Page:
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(Environment) Oil Spills: Damage from Guimaras Oil Spill

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PostPosted: Thu Aug 17, 2006 9:23 am    Post subject: (Environment) Oil Spills: Damage from Guimaras Oil Spill Reply with quote

Damage from Guimaras oil spill growing, authorities say
Associated Press
Last updated 10:13pm (Mla time) 08/17/2006

LA PAZ -- The Philippines' worst oil spill could ravage fisheries and other
coastal resources in one of the country's central provinces, officials said
Thursday, as authorities tried to contain a leak from a sunken tanker.

The Solar I, carrying 2 million liters (528,360 gallons) of fuel oil, sank
Friday in deep waters south of the island province of Guimaras.

Provincial Governor Joaquin Nava said Wednesday the oil spill has
affected or damaged 15 square kilometers (10 square miles) of coral
reefs, over 200 kilometers (125 miles) of coastline, 1,000 hectares
(2,470 acres) of marine reserves, at least two resort islands and 50
hectares (124 acres) of seaweed plantations.

In Guimaras' hard-hit La Paz village, the oil slick has stained nearly
everything on its shore, including the walls of shanties that dot the beach.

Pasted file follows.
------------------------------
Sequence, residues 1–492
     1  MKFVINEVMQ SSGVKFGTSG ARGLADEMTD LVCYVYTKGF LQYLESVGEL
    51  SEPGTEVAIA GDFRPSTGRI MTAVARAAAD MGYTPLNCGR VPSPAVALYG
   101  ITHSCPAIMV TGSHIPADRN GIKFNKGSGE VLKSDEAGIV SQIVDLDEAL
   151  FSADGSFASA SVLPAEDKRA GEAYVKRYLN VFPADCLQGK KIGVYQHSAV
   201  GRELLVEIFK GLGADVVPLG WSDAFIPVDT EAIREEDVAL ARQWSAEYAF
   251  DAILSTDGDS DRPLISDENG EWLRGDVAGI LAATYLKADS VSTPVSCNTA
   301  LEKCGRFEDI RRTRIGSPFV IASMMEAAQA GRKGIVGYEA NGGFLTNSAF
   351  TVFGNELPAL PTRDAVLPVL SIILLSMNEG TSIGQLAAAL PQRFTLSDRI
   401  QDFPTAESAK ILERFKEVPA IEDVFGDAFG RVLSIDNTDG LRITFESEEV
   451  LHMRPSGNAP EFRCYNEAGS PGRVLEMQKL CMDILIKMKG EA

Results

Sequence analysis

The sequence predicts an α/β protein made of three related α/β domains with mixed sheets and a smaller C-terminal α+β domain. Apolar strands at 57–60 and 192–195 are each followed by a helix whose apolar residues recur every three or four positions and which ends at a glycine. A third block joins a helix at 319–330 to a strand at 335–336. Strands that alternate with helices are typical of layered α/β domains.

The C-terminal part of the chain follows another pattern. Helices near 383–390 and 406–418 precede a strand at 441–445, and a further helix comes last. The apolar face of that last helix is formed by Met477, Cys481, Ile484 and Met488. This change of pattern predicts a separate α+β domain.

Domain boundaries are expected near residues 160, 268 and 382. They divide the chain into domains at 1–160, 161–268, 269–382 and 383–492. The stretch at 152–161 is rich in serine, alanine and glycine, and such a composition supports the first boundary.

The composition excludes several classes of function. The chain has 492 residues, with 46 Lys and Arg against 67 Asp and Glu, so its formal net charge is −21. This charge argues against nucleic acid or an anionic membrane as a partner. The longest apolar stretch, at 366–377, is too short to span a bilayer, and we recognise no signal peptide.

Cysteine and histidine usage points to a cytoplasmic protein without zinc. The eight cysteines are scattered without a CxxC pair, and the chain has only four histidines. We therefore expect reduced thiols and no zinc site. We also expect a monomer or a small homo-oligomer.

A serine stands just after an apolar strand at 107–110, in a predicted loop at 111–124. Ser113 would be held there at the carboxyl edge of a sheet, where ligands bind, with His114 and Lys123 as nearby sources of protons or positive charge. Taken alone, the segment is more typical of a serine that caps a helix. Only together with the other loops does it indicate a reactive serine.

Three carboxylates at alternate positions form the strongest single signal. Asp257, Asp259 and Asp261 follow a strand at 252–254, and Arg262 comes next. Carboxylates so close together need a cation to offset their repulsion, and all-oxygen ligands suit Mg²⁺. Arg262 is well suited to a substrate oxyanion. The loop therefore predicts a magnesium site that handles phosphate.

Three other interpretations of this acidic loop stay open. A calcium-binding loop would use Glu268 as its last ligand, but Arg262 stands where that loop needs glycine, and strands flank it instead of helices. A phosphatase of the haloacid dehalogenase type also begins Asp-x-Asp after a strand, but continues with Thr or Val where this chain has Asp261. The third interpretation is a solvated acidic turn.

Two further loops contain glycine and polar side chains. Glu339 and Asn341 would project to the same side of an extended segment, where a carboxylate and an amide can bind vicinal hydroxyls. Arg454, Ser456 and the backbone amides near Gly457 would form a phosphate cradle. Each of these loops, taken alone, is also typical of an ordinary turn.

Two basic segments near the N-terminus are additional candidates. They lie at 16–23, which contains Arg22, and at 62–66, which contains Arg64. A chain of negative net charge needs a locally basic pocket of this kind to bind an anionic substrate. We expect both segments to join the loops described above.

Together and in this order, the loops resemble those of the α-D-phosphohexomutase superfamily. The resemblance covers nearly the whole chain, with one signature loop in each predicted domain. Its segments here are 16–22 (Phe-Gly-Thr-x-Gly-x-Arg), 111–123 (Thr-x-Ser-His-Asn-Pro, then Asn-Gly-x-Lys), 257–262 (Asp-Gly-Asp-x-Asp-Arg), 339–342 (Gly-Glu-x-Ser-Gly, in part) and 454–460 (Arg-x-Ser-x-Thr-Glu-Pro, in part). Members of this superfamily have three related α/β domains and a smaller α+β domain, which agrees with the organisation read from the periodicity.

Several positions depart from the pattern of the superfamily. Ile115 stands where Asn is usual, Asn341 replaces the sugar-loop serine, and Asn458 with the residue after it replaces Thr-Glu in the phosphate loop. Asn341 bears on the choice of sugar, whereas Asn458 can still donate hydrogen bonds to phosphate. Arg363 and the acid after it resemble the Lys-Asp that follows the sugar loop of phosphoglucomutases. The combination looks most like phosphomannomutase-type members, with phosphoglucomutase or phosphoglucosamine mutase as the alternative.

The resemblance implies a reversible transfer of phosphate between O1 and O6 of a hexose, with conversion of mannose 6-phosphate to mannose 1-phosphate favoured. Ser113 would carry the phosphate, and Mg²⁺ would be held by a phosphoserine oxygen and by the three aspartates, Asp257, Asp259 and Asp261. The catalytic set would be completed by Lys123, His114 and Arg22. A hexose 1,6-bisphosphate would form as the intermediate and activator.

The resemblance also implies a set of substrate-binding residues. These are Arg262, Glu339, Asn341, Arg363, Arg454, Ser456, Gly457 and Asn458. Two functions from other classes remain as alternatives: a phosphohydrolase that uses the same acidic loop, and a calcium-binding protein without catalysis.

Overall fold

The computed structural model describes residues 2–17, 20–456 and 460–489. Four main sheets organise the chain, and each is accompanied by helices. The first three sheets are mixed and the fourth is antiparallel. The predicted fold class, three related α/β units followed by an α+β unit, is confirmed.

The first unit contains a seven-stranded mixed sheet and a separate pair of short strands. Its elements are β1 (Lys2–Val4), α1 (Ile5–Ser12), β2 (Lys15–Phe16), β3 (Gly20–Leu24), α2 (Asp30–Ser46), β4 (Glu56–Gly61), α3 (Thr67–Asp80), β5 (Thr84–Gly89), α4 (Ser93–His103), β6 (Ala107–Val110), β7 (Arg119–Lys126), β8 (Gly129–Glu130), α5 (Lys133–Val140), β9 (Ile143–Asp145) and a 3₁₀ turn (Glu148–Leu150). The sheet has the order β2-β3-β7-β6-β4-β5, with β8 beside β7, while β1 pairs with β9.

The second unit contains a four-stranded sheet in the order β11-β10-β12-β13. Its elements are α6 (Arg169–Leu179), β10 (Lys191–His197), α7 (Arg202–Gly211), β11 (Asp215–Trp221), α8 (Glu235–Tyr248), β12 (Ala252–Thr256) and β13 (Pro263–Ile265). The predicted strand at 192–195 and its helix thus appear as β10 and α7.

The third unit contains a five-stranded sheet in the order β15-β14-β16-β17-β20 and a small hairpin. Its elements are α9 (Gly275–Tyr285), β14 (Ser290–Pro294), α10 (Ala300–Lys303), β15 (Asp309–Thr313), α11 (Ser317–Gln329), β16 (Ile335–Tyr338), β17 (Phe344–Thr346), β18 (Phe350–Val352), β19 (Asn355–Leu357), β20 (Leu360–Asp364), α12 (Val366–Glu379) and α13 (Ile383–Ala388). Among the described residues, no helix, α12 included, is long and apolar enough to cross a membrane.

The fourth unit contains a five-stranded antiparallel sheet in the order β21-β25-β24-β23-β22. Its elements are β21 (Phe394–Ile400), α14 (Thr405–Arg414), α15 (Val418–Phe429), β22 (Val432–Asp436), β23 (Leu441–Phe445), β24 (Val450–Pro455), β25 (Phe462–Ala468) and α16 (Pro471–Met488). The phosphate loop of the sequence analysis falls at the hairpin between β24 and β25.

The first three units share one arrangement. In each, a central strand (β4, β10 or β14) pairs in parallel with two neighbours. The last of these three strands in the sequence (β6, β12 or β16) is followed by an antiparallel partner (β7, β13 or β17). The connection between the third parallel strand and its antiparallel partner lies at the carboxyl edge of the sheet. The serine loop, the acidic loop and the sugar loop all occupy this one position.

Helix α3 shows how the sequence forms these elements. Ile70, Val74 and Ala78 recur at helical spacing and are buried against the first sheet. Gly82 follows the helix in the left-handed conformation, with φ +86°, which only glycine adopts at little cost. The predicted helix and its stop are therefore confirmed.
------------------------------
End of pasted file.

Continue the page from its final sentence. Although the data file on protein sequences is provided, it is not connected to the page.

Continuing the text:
Small fishing boats have been grounded for nearly a week and many
fishermen chatted idly amid a strong stench that resembled burning

Village leader Connie Gamuyaw said the slick was taking a toll on the
poor village's livelihood and threatening its marine resources, including
teeming mangroves. Some residents have begun coughing and moved

Gamuyaw said nearby Taclong Island, a marine reserve, used to lure a
lot of foreigners, but with its beachfront and mangroves stained by the
smelly slick, the visitors are gone.

"It used to be known as a paradise island, but now it's a black paradise,"
she said.

Nava said about a third of his province's 150,000 constituents live off the
sea and an estimated 10,000 residents of coastal villages who rely on
fishing are temporarily without livelihood.

"Only lately, we pulled ourselves out of the 20 poorest [provinces in the
Philippines]. Now I suppose we will be going back," Nava told The
Associated Press, adding that tourism and fishing were hit particularly

The provincial government on Monday declared a "state of calamity" in
Guimaras, allowing the speedy release of relief funds in the area, about
500 kilometers (310 miles) southeast of Manila.

Valladolid town, in nearby Negros Occidental province east of Guimaras,